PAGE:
Well, if it's brand new construction, my furnace isn't going to kick the bucket. One year in, it's going to be reliable, this property is going to generally be reliable.

How much maintenance is needed in brand new construction?

No, absolutely not. Why not? Because they're that builders doing the best that they can, but there's still going to be stuff that doesn't work, right, you may grid into your unit and say, Oh, my cold water is actually my hot water and things like that. There's just new tweaks, it's with any new construction, you've got to go actually live in it, to figure out what's wrong. And then you're gonna have warranty requests. And usually, a builder will cover that for the first year.

So if you've built your own property, a house to the listeners, and you've moved into it, you know exactly what we're talking about right now. Sherida just said, you know, the cold waters, the hot, hot waters, the cold, right? The door doesn't shut all the way the window is stuck over here.

These things don't mean that you hired a bad builder. Now they could, right. But new construction needs time to be broken in. And so a tenant is coming in and they're breaking that property in. Yeah, you can expect some warranty items, but other things are just part of you got to get the property settled down.

I've noticed there can be kind of a little bit of a break-in period for the first couple of months. And then it really chills out for quite a while on new construction. Have you noticed that chase?

New Construction vs Existing: Should there be a difference in rents?

Chase Leavitt: I know it can all very just depend on the property because a lot of times when you were talking to existing in your mind thinks Oh, this could be an older property 1990s 1980s but What if you buy existing that was just built 1-3 years ago? So depends on what we mean by existing. That can vary as well. Location. Quality. I think a lot of things play into that.

Do properties built in 2021 lease for more than something built in 2015?

Steve Olson: What about all things being equal? Would you expect a new construction property built 2021 to lease for more than something built in, say, 2015? Same neighborhood, similar square footage. I don't I don't know if there's a right answer. I'm curious. I want to explore that.

I would think yes. But it depends on the property manager to they might get a little more competitive with the new construction to get at least up and stabilized.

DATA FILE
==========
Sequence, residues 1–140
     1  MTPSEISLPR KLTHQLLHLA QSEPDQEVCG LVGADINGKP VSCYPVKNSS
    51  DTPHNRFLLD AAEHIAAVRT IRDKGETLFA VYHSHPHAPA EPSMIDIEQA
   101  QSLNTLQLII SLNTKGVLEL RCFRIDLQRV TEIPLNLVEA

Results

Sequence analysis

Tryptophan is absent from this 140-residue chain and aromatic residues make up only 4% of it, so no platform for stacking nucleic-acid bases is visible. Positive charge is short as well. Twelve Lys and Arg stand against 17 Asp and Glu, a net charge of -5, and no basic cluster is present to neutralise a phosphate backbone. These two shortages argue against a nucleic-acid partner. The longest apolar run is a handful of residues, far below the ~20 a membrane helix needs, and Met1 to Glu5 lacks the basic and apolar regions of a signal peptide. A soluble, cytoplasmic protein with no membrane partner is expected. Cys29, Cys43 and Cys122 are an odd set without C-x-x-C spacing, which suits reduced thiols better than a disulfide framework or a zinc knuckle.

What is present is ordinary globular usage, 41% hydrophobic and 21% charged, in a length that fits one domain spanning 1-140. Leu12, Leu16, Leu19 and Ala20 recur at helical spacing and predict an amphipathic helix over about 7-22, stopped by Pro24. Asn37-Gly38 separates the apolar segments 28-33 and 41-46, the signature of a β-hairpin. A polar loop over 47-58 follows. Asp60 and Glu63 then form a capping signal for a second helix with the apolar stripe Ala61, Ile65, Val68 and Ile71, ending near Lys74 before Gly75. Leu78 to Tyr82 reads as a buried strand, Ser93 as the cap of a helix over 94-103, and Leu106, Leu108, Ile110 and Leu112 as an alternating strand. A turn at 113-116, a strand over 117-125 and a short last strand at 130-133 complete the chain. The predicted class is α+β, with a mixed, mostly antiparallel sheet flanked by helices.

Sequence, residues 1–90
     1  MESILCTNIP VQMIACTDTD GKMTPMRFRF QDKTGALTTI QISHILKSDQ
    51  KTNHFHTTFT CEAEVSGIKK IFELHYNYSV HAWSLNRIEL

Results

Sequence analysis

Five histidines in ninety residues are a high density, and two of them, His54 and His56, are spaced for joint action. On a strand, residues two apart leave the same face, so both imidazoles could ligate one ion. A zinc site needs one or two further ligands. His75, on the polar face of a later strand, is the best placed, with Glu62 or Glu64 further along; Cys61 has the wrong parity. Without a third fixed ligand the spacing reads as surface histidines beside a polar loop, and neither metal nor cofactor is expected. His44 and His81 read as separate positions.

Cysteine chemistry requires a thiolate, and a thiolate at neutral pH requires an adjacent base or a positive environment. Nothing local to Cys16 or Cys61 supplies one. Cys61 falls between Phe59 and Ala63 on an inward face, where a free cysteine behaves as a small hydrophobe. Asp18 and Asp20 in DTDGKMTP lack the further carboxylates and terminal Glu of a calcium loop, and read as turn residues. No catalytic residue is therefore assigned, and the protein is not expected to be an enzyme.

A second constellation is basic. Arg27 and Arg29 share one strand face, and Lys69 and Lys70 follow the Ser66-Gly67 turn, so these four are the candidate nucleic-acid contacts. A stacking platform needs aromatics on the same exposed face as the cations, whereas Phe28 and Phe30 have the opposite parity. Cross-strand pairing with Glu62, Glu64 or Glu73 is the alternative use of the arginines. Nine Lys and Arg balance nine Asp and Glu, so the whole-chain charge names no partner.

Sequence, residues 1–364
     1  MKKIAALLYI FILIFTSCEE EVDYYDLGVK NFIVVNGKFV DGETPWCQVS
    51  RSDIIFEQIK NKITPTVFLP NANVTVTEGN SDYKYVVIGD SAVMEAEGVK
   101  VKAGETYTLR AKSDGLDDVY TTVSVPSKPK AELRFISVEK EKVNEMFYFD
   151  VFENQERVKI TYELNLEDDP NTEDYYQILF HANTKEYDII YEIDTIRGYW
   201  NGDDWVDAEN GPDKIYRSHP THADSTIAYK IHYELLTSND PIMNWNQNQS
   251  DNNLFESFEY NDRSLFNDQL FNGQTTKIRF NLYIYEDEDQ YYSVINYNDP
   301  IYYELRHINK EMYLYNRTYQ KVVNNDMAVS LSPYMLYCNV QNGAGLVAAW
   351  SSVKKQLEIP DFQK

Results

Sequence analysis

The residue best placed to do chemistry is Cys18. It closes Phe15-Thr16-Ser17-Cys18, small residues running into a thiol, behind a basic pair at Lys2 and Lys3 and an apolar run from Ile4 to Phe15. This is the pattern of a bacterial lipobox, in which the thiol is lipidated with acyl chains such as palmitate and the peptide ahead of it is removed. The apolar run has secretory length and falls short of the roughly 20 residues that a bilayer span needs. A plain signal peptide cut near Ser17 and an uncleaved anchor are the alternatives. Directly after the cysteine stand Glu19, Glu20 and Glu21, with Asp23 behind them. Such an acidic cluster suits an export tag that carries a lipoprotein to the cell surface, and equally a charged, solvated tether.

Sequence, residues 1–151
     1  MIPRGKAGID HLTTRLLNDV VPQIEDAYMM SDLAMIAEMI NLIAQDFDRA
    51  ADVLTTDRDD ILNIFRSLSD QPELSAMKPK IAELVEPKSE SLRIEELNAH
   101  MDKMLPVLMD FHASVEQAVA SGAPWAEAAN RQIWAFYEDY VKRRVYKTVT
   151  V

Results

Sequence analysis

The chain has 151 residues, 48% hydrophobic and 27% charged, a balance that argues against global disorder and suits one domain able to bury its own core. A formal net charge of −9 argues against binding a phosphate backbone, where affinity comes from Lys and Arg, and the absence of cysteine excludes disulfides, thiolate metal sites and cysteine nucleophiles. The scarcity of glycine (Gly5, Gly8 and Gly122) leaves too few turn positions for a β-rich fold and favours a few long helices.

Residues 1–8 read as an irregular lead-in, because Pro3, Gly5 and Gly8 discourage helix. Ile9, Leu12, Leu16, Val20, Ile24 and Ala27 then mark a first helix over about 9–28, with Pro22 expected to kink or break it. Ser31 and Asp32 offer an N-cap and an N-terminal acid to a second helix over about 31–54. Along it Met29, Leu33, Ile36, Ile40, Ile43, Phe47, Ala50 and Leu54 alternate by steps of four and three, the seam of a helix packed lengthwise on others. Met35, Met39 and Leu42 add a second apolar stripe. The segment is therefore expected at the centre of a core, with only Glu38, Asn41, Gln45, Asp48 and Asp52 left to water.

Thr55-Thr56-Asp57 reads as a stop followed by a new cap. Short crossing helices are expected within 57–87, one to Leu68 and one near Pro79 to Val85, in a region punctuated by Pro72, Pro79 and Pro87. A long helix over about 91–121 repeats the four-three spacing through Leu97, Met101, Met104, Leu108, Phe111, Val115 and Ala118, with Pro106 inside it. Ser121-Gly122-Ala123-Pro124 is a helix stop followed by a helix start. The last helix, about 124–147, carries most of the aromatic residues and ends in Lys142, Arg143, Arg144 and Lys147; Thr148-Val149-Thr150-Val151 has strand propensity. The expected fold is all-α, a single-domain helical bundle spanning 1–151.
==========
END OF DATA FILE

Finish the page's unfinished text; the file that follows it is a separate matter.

What does stabilized mean?

Stabilizing an investment property means there is a vacant unit. In the whole community, you could have anywhere between 50-100 units that are vacant or being built, and then they start to get turned over. And your investors want that to get leased up ASAP, or as fast as possible. They want to start seeing that, that income that cash flow,

Sherida Zenger: It's kind of that time period between when it was completed, and getting it fully leased. It's kind of that stabilization time making sure that that property is occupied at full capacity.

Steve Olson: Well, that goes to chase’s earlier comment of when you buy an existing property, you're getting things as they are, right. But when you do build for rent, you're having to get way out of head ahead of what the rents are in that neighborhood. And you might have that peg pretty well, you might at least think so.

Market changes during the build period

Steve Olson: But remember, build-to-rent takes a long time. You're probably a minimum of 18 months before you get the idea of when you can actually start leasing units. Can the market change in that time?

Well, and it also depends, are you talking about a single unit? Are you talking about a single-family home? Or a townhome in an area that maybe other units are owner-occupied? Or are we talking about a whole project, right? Because if you're talking about a whole project, yeah, that's gonna take you a lot longer if it's just an infill--infill meaning there's a vacant lot in the middle of some city and Middle America, USA.

When you say the project, we're talking about a large number of doors or units. I talked to an investor the other day, that found a piece of ground, I think this was somewhere in Pennsylvania, and he wanted to put up a fourplex on it. Right.